© Saskatoon Catholic Cyber School

This is at the moment a peculiarly United States of America debate, but it is almost certain to spill over into other countries. This is a topic well worth following.

What are cyber schools? Well, this term can be used for any form of online teaching at the high school level, and this has been going on for a number of years. But more recently some US states with Republican-controlled legislatures, such as Michigan and Pennsylvania, have been introducing bills that encourage and support the establishment of cyber charter schools. Opponents argue that cyber charter schools are essentially privatizing k-12 online education. In fact it’s worse than that because it is state-subsidized privatization, since the state funding for any student who moves to a cyber charter school follows that student.

The argument appears to be not so much about online learning, as about using online learning as a back door to state subsidies for privatized k-12 education. If the critics are correct, it is also a peculiarly American way of taking a good development and completely ruining it.

However, it’s difficult for me to separate out the extent to which the opposition is against online learning in principle in the k-12 sector period, or whether it’s the way that online learning is being delivered through charter schools in Michigan and Pennsylvania. And are charter schools really privately run? Are they for profit? Neither of these is clear to me, looking over the fence at our neighbours.  There is no doubt though that state support for cyber schools is directly linked to cuts in state funding to the k-12 system in Michigan and Pennsylvania.

Also we should not be too complacent here in Canada. I was a great supporter of the BC government’s move to online learning in the k-12 sector several years ago,but in recent years I have been hearing complaints from teachers that online learning is increasingly being used as a way to save money, with large student to teacher ratios, poor or non-existent instructional design, and lack of training for online instructors in online teaching. The BC government has an excellent set of standards for k-12 online teaching, but is it living up to those standards – and who is checking this?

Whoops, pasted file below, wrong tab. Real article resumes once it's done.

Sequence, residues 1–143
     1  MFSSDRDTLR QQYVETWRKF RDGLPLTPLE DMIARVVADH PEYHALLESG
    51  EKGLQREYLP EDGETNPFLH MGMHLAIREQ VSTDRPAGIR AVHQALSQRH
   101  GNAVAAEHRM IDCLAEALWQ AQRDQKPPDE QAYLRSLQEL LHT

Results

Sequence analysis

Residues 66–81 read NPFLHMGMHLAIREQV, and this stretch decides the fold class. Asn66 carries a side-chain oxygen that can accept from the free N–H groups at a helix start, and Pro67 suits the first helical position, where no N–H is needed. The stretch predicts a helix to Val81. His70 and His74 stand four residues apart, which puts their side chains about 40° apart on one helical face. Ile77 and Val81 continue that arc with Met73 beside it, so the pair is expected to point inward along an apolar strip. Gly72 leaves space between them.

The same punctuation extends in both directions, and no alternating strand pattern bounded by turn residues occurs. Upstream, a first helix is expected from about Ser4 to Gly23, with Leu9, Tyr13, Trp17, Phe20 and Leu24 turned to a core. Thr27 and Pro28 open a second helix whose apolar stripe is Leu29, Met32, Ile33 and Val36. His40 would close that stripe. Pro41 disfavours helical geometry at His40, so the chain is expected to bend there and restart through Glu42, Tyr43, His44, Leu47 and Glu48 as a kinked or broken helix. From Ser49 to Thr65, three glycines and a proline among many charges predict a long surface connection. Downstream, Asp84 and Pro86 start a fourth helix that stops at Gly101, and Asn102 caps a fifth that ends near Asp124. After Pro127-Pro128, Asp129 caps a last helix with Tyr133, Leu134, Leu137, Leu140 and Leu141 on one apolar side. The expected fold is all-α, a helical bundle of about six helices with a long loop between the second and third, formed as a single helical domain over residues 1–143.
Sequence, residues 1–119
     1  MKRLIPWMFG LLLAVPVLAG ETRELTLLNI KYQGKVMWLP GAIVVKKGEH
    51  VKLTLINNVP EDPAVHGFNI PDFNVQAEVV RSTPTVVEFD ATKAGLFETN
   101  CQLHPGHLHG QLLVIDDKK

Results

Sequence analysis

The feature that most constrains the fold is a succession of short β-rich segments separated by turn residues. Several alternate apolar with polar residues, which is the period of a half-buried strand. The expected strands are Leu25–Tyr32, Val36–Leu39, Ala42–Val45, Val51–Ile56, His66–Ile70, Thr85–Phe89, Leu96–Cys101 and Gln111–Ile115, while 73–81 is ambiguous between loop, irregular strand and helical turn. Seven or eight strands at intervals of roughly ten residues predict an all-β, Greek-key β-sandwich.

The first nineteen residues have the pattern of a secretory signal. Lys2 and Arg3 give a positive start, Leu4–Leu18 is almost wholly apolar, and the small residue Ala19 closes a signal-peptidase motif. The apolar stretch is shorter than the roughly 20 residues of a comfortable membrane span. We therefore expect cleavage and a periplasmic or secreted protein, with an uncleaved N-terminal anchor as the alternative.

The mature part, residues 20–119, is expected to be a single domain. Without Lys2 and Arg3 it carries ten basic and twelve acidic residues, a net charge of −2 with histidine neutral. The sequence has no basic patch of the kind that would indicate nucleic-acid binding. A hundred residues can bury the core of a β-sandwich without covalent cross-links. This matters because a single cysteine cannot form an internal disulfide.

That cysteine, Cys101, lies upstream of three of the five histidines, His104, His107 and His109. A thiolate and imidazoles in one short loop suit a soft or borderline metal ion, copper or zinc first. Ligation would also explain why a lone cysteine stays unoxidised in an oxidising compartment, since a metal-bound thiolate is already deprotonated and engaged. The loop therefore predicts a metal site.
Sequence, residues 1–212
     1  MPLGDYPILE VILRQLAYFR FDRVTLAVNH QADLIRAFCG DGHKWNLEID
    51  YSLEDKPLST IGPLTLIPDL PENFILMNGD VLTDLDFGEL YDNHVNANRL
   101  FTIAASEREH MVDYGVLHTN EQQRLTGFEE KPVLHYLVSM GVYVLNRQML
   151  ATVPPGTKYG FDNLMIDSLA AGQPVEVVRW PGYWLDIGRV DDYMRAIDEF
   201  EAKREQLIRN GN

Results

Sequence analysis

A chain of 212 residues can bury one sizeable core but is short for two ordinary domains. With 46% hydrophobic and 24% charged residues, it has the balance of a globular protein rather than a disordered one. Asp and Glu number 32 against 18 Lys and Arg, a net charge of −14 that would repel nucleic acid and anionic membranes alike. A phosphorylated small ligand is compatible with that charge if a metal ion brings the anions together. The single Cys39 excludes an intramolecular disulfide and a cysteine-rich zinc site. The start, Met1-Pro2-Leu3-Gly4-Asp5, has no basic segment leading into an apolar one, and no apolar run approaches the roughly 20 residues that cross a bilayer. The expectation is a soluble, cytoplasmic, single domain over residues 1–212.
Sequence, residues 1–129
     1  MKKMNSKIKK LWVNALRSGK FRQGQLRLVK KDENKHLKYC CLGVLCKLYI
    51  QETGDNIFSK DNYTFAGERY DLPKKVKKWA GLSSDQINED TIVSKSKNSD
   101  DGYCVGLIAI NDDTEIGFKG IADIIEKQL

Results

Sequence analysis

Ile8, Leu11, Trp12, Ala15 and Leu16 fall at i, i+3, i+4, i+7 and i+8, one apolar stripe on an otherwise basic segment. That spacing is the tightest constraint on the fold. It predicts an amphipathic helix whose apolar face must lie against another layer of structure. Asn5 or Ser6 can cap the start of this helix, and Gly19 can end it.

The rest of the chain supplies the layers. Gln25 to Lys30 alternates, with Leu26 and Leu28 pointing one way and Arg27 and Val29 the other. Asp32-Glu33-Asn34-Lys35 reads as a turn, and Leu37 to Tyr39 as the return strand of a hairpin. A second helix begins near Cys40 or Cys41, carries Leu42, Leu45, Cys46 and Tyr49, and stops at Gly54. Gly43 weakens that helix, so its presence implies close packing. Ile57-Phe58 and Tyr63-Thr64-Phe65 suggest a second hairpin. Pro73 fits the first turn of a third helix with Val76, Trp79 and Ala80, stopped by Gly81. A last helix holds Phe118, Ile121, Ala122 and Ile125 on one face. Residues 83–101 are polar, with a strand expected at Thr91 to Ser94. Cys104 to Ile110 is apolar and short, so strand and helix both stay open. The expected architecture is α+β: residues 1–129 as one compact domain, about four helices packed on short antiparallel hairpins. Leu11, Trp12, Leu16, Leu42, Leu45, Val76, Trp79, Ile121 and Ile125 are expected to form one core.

If eternal vigilance is the price of freedom, we also need it to safeguard the reputation of online learning.

I’d really like to hear from US readers regarding their views on cyber charter schools.

I’d also like to hear from BC teachers about BC’s k-12 online system, as I’ve been getting mixed messages recently. Are the published standards being followed by school boards?

Further reading on US cyber charter schools:

The Pennsylvania Cyber Charter School

Mitchell, J. (2012) Bill would permit virtual charter schools in state Clarion Ledger.com, February 11 (most detailed reporting of pros and cons)

Detroit Free Press (2012) House education panel OKs bid to expand cyber charter schools, February 8

Learning Matters (2012) Is online learning beneficial for students? February 8

Hanover, N. (2011) Outsourcing education: the rise of virtual schools, World Socialist Web Site, August 31

Other suggestions for reading on this topic will be welcome.




  1. Hi Tony,

    Cyber schools are more efficient than regular schools because they have to spend less time on classroom management issues. There are some problems, but we are still in the beta stages of figuring things out. For example, formative assessments in on-line learning take a great deal of test banks, and creative tech. solutions like ISPRING. Teaching on line is a great way to teach writing and increase literacy skills. Math is more challenging, but we are making progress.

    I have had great success with self directed learning on line. On line learners are independent. When I place them in an online chat room within a virtual student council I have tools that I can coach them with that I would not have in a classroom. I can let them run the meeting and give them suggestions on what to say or present next without the other students knowing. If they get to comfortable with me I can give them bad suggestions so they will divert from my counsel.

    There has been considerable trial and error. Stay tuned however, we have only just begun to integrate pedagogy with the technological tools available. 🙂



Please enter your comment!
Please enter your name here